Resilience by Anne Deveson. I’m now reading this book for the third time. I borrowed it first when I was in my early twenties, then again a few years ago. On my birthday this year my partner gave me my own copy, and now I’m reading it once more. Every read reveals layers of new understanding about this vital human quality of resilience. Where we find it, how we cultivate it, how we lose or miss out on it, and what we can do to strengthen it in our communities and ourselves. Seamlessly weaving research with memoir, this is my favourite example of literary non-fiction.
Yoga and Body Image. I pre-ordered this book before it was published. That's how excited I was to read it. It didn't let me down. 25 essays from incredible teachers, practitioners and thinkers from a range of genders, skin colours and walks of life. A refreshing and much-needed conversation that nourishes me every time I open it up, which I;m stilling doing a year after first reading it.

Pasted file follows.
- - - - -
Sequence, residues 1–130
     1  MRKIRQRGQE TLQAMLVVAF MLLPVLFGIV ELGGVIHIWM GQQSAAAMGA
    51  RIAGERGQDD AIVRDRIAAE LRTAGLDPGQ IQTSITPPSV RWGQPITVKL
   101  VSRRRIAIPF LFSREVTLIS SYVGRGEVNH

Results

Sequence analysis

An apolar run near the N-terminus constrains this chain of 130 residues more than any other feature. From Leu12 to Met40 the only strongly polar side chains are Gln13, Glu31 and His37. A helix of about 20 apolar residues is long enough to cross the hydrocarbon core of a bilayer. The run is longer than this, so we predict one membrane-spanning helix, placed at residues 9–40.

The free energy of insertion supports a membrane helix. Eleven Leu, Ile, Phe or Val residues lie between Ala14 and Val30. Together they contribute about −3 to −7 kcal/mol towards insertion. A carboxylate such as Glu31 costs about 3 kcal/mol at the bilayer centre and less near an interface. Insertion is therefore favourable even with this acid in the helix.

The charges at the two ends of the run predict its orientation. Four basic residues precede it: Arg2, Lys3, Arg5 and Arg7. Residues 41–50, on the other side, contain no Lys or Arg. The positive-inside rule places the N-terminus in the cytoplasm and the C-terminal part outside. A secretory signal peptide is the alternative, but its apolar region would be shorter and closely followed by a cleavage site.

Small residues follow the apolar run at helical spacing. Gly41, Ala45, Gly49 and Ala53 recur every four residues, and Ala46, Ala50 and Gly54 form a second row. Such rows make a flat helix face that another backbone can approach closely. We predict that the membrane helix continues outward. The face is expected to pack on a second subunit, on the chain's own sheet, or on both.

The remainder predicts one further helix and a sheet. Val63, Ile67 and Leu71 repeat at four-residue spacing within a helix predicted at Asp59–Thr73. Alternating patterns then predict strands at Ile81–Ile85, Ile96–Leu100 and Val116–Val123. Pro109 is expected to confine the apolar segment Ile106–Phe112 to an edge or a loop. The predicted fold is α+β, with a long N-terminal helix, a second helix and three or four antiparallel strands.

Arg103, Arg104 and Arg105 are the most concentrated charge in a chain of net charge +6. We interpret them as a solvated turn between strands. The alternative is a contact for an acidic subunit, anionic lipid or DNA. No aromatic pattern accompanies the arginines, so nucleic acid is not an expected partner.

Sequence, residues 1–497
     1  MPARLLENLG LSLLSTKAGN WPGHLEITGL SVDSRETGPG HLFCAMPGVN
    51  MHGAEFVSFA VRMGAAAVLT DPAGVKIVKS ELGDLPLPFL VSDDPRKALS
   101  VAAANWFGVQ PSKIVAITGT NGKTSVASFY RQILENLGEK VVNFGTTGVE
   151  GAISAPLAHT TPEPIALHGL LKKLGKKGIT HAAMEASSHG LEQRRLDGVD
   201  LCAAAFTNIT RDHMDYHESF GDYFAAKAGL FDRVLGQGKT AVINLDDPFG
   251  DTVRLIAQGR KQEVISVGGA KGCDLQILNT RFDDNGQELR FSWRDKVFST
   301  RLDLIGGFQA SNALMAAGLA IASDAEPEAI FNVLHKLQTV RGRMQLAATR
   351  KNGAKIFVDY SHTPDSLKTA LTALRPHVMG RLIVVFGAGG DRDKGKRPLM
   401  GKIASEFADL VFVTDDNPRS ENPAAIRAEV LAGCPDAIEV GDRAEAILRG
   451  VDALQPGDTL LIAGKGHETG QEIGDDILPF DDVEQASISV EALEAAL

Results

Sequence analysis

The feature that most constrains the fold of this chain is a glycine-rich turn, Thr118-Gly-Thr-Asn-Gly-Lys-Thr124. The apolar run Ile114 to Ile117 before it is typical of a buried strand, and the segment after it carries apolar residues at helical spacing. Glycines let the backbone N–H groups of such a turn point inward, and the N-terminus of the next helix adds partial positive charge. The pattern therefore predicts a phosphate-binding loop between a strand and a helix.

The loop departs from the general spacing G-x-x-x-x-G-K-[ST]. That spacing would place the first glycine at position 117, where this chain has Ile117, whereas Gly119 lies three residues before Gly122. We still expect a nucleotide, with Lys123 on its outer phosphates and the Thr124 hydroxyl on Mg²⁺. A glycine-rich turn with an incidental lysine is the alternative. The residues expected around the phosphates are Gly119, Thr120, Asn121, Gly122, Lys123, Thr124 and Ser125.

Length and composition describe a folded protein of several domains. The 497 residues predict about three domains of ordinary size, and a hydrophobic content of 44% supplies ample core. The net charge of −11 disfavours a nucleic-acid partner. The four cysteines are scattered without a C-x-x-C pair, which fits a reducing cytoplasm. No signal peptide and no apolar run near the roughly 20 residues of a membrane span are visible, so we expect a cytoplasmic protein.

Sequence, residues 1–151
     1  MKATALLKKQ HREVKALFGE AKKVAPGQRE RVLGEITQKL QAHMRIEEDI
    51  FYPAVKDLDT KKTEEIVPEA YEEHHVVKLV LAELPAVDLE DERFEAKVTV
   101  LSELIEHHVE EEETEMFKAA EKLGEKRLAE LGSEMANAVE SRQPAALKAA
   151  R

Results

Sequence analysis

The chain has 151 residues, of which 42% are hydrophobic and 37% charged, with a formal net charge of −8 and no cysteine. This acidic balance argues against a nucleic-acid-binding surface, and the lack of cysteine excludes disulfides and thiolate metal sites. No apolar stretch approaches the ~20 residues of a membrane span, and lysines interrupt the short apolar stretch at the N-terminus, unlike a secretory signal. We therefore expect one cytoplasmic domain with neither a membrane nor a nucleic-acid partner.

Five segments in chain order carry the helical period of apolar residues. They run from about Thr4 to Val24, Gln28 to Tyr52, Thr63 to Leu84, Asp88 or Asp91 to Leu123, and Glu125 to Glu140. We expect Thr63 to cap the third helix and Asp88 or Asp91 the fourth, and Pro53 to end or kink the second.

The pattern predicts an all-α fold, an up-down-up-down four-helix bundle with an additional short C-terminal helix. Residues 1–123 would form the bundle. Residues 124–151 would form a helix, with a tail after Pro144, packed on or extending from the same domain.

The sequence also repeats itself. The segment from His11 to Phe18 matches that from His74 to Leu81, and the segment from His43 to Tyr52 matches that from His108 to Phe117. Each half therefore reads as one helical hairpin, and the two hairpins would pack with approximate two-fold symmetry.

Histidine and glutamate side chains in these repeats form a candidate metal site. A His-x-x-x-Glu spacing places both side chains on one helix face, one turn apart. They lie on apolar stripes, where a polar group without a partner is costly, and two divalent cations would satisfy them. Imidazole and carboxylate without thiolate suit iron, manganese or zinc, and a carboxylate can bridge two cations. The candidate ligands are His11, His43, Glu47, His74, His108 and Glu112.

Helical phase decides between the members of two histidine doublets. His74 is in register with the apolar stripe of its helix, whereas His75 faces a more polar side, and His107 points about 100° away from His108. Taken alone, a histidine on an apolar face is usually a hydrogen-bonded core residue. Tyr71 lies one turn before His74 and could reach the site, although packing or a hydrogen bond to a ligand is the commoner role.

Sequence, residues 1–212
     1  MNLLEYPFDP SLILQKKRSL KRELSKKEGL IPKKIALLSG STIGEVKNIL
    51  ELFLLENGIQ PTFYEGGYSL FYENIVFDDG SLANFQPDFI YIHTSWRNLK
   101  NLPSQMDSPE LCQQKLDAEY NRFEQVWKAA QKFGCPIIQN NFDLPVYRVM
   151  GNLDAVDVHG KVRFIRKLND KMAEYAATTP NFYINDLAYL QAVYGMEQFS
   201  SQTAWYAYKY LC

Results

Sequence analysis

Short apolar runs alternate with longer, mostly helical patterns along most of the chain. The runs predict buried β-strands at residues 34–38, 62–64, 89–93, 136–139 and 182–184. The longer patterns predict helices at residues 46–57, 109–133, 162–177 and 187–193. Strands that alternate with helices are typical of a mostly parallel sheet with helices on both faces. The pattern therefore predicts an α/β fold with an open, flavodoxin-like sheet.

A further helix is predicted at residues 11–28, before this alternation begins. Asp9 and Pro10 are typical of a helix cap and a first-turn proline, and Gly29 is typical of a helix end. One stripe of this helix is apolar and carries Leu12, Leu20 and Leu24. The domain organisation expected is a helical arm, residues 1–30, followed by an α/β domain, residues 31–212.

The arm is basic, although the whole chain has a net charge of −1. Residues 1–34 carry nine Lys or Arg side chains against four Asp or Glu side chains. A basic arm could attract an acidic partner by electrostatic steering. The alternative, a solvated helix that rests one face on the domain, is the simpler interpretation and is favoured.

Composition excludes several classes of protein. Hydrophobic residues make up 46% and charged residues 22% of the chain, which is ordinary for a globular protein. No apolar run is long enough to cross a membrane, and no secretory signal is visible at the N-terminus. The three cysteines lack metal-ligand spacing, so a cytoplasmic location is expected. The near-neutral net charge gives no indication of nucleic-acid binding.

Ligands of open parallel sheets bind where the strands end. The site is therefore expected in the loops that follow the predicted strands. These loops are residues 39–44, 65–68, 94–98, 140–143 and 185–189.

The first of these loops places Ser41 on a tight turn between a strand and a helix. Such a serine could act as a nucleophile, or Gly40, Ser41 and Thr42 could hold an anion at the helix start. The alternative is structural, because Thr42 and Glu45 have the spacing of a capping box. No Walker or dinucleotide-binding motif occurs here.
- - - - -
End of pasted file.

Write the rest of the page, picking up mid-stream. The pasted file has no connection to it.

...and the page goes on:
Mary Oliver - Wild Geese, Selected Poems. My favourite book of poetry from my favourite poet, who never fails to make life juicier and more intimate. I’ll let Mary Oliver speak on her own behalf through her poems, since she has a way with words I cannot begin to eludicidate. You can also hear a wonderful interview with Mary on my favourite podacst here.
Big Magic by Elizabeth Gilbert. A few days after it arrived in the post last month, I read this book in a single sitting. I haven’t yet gone back to revisit it’s contents but I suspect I will time and time again. An invaluable perspective on creativity and inspiration from a woman who certainly walks her talk.
The Collected Autobiographies of Maya Angelou. Honestly, Maya Angelou led a life that is more than enough to justify a tome like this. The biggest book I’ve read since Shantaram, and absolutely captivating from the very beginning. It tells a tale of one woman’s sincere liberation, not only from the constraints of life in the deep south of the USA during the era of the KKK, but of her own self-limitations across decades. A remarkable life.